If you're building a motorway - and we've all done it - there will be occasions on which it is necessary to provide a short spur road to connect your new highway with some part of the existing road network that is slightly out of reach. Because the little spur inevitably leads to a motorway, it should be a motorway too; otherwise cyclists and horse riders might get to the end and find themselves stuck.
There is, however, no need to number the little spur. It's just part of its parent route, like the little M23 spur near Gatwick or the branch from the M6 to Wigan. It's like a set of extended sliproads.
Every rule has exceptions, of course - especially where motorways are concerned - and the M181 is one of them. This piffling little connection from the M180 to the A18 west of Scunthorpe has ideas above its lowly station and, for some reason now concealed by the ragged and threadbare dungarees of history, was granted its own number when other spurs of greater length do perfectly well without.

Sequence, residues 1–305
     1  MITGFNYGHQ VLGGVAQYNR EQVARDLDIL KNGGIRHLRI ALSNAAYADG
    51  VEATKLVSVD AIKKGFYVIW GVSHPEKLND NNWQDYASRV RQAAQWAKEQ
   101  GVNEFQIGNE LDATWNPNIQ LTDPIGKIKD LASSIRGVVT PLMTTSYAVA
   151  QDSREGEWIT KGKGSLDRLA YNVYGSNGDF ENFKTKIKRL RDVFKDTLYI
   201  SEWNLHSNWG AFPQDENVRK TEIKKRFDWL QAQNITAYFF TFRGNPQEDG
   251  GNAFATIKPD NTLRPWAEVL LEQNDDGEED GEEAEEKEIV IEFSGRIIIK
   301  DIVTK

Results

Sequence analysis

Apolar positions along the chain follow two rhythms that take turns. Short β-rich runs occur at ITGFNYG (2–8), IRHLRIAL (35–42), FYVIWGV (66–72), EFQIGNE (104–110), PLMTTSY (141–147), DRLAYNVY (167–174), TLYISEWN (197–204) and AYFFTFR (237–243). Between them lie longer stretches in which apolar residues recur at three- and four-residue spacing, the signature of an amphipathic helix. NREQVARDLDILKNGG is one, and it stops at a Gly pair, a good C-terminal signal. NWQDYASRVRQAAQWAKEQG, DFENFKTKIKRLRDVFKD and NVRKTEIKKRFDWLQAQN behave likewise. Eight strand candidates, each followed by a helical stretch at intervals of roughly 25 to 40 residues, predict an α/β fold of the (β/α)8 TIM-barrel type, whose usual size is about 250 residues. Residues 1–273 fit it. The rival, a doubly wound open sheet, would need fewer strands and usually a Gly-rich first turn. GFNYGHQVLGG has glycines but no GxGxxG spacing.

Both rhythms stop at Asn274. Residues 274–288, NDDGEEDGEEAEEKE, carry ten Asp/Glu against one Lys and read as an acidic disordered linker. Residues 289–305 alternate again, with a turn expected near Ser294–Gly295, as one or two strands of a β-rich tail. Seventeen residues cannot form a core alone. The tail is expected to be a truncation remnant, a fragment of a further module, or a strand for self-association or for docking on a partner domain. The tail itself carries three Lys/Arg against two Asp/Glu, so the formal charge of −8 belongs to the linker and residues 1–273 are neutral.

This lengthy discussion of the road's spurious number (pun very much intended) is necessary because there is nothing about its physical manifestation that is worth discussion. It has a fairly smart trumpet interchange with its parent, the M180, and then proceeds in a straight line through perfectly flat countryside for a couple of miles before giving up at a roundabout on the A18. It passes nothing of interest, and its surroundings are so featureless that Scunthorpe is the closest settlement to both ends. There really is nothing more to say.